Ruto assents to IEBC Bill: What does this mean? What is in the Bill?

Ruto assents to IEBC Bill: What does this mean? What is in the Bill?

President William Ruto on Tuesday, July 9 signed into law the Electoral and Boundaries Commission (IEBC) Amendment Bill, 2024.

Ruto assented to the Bill, the first to be passed by Parliament based on the recommendations of the National Dialogue Committee (NADCO) report, at the Kenyatta International Convention Centre (KICC).

He was in the presence of his deputy, Rigathi Gachagua, Azimio co-principals Raila Odinga (Orange Democratic Movement) and Kalonzo Musyoka (Wiper Party), leaders of the two House of Parliament among others.

But what entails the Bill?

When the IEBC appeared before the joint Senate and National Assembly Justice and Legal Affairs Committee (JLAC) to submit views on the Bill, the Commission Secretary and CEO, Marjan H. Marjan, appreciated the progressive nature of the bill in enhancing the efficacy of the Commission and its processes.

The Bill seeks to introduce pivotal reforms aimed at refining the operational framework of the IEBC. The proposed amendments underscore the necessity for enhanced transparency, efficiency, and accountability within the Commission’s processes.

Key amendments the Bill proposes

The Bill seeks to redefine critical terms within the Principal Act. The Bill proposes the deletion of specific phrases from the definition of “chairperson” to streamline the understanding of roles within the IEBC.

Additionally, it introduces the term “parliamentary party” to mean a coalition of parties constituting no less than five percent of the National Assembly membership.

The Bill also aims to expand the criteria for appointments to the IEBC by incorporating expertise in information technology and accounting. This diversification of skills is anticipated to bolster the commission’s efficiency and effectiveness.

The Bill also eliminates the provisions allowing the vice-chairperson or any member to act as IEBC chairperson in the event of a vacancy. This move is intended to consolidate leadership and maintain clear lines of responsibility within the Commission.

Further, the Bill proposes to reduce the term of the Secretary of the Commission from five years to four years. This adjustment aims to align the tenure with the broader administrative cycle and promote continuity.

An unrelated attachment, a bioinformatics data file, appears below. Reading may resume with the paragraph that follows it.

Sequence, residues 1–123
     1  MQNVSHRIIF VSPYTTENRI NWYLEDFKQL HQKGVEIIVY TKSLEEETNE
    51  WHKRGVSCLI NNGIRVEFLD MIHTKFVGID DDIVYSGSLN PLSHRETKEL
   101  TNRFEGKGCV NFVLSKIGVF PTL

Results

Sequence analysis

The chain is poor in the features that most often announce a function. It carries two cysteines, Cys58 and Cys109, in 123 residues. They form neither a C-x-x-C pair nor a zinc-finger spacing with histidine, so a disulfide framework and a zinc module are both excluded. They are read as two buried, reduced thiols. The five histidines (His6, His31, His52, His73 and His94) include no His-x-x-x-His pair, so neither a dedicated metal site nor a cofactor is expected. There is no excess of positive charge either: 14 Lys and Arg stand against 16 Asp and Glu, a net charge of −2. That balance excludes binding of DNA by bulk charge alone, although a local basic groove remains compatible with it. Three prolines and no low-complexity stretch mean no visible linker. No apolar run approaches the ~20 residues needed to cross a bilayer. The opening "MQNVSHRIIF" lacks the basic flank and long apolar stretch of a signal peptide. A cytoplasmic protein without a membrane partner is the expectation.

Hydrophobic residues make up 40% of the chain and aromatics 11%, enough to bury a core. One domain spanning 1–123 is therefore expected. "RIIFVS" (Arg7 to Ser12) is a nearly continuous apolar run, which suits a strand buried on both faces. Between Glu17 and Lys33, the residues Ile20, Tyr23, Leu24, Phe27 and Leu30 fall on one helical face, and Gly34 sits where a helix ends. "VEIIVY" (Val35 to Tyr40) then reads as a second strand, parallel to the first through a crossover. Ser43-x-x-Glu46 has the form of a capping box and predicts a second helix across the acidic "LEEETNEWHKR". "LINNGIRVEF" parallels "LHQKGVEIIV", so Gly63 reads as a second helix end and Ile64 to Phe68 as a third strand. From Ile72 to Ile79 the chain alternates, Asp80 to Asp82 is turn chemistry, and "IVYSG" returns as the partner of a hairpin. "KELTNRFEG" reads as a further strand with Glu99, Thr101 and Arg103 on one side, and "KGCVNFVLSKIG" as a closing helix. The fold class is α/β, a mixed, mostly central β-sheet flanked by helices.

Electoral integrity

The Bill, in a bid to enhance electoral integrity, introduces a mandatory review of the conduct of general elections.

This means that the IEBC will be required to publish a comprehensive report within eighteen months post-elections, which will then be submitted to Parliament. This provision is designed to ensure ongoing improvements in electoral processes.

The Bill outlines new procedures for the delimitation of electoral boundaries, requiring reports to be considered solely by the National Assembly. 

The Bill has also altered the number and manner of forming IEBC’s selection panel, in a bid to enhance inclusivity and transparency in the process.

Consequently, the Bill proposes expanding the panel from seven (7) to nine (9) members and revising the nomination process. It mandates the Parliamentary Service Commission to finance the panel’s operations, ensuring sufficient resources for thorough and impartial selection processes. The panel will have a 90-day deadline to complete its recruitment tasks, with possible extensions subject to parliamentary approval.

Composition of IEBC Selection Panel

Amendments to the quorum and decision-making processes within the Commission are also proposed, altering the requirement from a simple majority of members present to a majority of all members.

The Bill also includes transitional provisions to manage the dissolution and reconstitution of the selection panel, ensuring continuity in the Commission’s functions.

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